This picture could not describe our feelings more accurately these past few weeks! We received two large binders full of paperwork, and our adoption education booklet about two weeks ago. These documents will serve to help prepare us for our home study as well as to begin the compilation of our dossier. I cannot even begin to describe the amount of documents that are required for adopting an international child! Here is a brief glimpse into what we are talking about: Notarized employment verifications, proof of health, life, and auto insurance, financial statements, FBI, state, and local background checks, child abuse screens, notarized medical clearances, fire safety inspections, home safety audits, veterinarian letter of clearance, 8 references, notarized guardianship documents, and various copies of marriage and birth certificates, social security cards, drivers licenses, tax documents, and on and on and on. I have to admit that the hardest part is the notarization! While most banks will provide this service free of charge, there are several documents that require us to hire a traveling notary to follow us to doctors appointments and the like, and because the process is so long, the notaries expiration date that we use can not expire for 24 months. I have only two notaries who fulfill this part and they aren’t travelers! I keep telling all the people who are helping us compile all of our documents that we will bring our baby around to show them why all this hard work was needed and worth every minute. I have to say that if anyone in the Columbus area is considering international adoption, please let me know and I will go get my notary to help your process go more smoothly!
While all the paperwork is daunting and seemingly never ending, we are glad that we have something to focus on, something to work towards. I know there will come a time when all we can do is wait, and I hear that is the hardest and longest part of the journey. We do have a lot of education to complete that is necessary for our home study, and it is exciting for Jay and I to begin discussing things like where the baby will sleep when he comes home, and how we are going to incorporate his culture into our lives. In fact, we have kind of already started that part. I recently found an Ethiopian restaurant near us and we invited the family to partake in our first cultural outing experience. In the Ethiopian culture, eating with people is a pretty big deal. Everyone at the dinner shares a large plate or tray, and it is said that those who dine together this way, shall never betray each other. Everyone eats with their hands (no worries there was plenty of purell to go around) and it is a sign of affection to actually feed each other. Everyone must eat with their right hand. Ethiopian food is considered a respected gift from God and eating it with your left hand is considered disrespectful! Injera is Ethiopia's national dish. It is a spongy, tangy, kinda mushy tasting bread made from the grain teff which grows only in the highlands of Ethiopia. This is Injera. It is kinda like a thicker, spongier crepe.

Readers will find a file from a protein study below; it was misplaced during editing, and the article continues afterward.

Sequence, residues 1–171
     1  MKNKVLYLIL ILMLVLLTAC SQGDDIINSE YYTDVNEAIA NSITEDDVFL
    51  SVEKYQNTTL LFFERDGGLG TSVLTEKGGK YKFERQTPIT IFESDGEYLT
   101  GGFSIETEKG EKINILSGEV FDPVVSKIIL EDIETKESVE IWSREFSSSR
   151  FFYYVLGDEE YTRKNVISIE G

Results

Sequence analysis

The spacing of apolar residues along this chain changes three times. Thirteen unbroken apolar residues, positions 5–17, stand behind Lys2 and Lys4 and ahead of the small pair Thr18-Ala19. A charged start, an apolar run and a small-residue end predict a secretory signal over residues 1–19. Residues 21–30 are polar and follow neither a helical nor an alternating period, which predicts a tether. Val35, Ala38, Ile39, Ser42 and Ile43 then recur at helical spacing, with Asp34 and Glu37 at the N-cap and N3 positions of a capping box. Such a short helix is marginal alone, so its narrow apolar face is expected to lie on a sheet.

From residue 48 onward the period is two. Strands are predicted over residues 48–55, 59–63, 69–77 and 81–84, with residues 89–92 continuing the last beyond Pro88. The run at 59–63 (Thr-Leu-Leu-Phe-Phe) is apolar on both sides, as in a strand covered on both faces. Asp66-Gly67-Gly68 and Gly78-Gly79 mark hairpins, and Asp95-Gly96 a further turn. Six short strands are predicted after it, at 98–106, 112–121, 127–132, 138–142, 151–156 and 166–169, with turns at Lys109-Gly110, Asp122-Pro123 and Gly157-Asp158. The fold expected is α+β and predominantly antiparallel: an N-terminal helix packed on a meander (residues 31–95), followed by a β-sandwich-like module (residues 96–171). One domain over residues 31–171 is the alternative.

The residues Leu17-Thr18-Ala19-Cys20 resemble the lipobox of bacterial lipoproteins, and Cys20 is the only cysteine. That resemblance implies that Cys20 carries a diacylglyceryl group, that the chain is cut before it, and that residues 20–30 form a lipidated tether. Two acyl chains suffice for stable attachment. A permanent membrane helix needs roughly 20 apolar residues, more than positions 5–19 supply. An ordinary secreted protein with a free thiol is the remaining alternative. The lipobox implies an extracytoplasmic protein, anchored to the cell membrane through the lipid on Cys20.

The Injera sits on a the large plate or tray and is covered with wots (or wat). Wots are the traditional stews made with various Ethiopian spices, meats, vegetables, hard boiled eggs, and legumes. While its hard to tell by the pic, the center plate, which we all shared, was pretty large...in fact it fed six of us with left overs.
So, you get sides of injera and you simply rip off pieces and you use these to eat the different wots (or stews), with the right hand of course!
"For I know the plans I have for you, plans to prosper you and not to harm you. Plans to give you hope and a future." Jeremiah 29:11
"I will never leave you nor forsake you." Hebrews 13:5